A layered blue haze and full moon hung over the pond in a farmer's field. It smelled of exhaust, beer, smoke, sweat and pot - a truly noxious brew, but heavenly, heady and enticing to a dedicated motorcycle man. When I rode up, there were over 200 cycles - mostly black Harleys punctuated by the occasional metallic red, blue and silver - arrayed around a pond. There was a huge spark-billowing bonfire. Blasts of hard rock split the air, people milled about talking and showing off their fancy and not-so-fancy bikes. They were "outlaw" bikers and, according to their jackets, members of the "Road Killers". Like all outlaws, they would be dedicated to theft, drug trade and wanton violence. Not a crowd that I should mess with.

I didn't have to look far to find their Chief to see if I could move a little coke. I was yanked off my bike by two ugly behemoths and dragged by my armpits, toes down and digging into the ground, to the center of the crowd and tossed into a heap at the feet of the King and his court.

The honcho's tribal name was Blackbeard. Beard for short. Indeed, he had a full black beard, droopy handlebar mustache, a large hoop earring, and head capped off by a black bandanna. He was muscular to a fault; hard-time barbed wire tats on his arms, a grizzled hard face and venomous eyes. If eyes could kill, these would, and probably had. He had a cutlass by his side, a symbol of brutal authority.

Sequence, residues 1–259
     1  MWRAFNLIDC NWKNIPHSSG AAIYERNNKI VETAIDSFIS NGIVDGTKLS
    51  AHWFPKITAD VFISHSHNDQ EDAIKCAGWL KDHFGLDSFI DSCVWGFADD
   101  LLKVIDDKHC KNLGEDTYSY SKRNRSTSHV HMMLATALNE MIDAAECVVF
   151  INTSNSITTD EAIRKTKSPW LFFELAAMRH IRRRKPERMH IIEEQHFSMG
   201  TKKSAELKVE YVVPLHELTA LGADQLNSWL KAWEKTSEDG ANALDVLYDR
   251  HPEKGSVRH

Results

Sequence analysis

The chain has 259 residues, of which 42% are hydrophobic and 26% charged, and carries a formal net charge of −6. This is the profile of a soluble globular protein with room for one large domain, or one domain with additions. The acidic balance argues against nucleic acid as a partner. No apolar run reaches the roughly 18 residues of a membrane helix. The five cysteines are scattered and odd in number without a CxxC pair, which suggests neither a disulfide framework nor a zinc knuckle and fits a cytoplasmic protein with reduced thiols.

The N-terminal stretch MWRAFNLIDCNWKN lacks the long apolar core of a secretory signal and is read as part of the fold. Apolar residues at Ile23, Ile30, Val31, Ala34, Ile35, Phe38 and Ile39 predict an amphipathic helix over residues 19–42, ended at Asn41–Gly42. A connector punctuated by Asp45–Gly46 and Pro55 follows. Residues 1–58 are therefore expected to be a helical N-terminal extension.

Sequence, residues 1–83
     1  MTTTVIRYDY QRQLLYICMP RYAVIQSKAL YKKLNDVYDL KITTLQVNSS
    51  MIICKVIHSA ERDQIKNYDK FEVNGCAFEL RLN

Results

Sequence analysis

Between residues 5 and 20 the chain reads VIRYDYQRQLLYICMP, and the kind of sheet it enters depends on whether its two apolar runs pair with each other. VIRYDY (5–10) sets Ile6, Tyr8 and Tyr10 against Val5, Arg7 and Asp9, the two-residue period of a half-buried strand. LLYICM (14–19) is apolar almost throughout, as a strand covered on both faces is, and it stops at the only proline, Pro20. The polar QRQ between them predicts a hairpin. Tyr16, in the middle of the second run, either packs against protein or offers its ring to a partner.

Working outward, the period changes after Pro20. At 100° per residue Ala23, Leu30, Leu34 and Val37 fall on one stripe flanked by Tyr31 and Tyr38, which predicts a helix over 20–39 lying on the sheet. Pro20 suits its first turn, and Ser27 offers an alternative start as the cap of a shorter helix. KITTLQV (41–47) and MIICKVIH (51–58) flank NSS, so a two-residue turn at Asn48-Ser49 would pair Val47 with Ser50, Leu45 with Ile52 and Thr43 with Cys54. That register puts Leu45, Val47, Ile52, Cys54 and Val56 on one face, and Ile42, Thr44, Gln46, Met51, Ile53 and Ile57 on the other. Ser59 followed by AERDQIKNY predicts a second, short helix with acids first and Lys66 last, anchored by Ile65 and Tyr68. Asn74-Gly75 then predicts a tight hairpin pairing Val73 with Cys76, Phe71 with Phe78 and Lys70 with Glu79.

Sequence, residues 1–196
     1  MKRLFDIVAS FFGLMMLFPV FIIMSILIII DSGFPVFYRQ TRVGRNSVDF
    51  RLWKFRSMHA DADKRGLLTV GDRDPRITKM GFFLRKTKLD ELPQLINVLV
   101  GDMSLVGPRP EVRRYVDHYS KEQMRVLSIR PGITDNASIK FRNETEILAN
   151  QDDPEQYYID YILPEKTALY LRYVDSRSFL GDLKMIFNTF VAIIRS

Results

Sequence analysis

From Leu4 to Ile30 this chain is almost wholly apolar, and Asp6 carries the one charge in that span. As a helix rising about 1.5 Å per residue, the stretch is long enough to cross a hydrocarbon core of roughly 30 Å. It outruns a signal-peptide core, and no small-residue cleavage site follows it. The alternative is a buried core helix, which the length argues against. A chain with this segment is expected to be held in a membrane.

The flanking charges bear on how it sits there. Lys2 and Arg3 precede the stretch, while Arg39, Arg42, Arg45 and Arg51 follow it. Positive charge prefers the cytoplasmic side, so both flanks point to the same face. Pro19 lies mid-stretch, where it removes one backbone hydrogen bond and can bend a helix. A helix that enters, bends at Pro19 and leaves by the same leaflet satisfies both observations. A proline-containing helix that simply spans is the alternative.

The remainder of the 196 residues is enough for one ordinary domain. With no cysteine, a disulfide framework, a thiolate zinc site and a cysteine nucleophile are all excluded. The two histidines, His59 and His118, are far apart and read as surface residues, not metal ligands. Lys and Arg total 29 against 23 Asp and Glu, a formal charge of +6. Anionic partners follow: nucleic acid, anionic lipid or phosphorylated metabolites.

Straddling the saddle of his bike was his "biker babe", his chattel, his servant, his sex slave. She was young, redheaded and beautiful. Her silken flaming hair glistened all the way down her back. She had long shapely legs, wore a black mini-mini skirt hiked up to her crotch, a red blouse tied under her breasts, no bra, and nipple rings. She flaunted her hot, steamy sexuality and, at the same time, told you "look but don't touch". Given her boyfriend's position, I doubt that anyone would try to touch.

"Get him up," Beard said.

The two goons wrenched me up under the armpits and stood my sorry ass up.

"What the fuck you doing here. Don't take lightly to strangers at my meets, or strangers at all."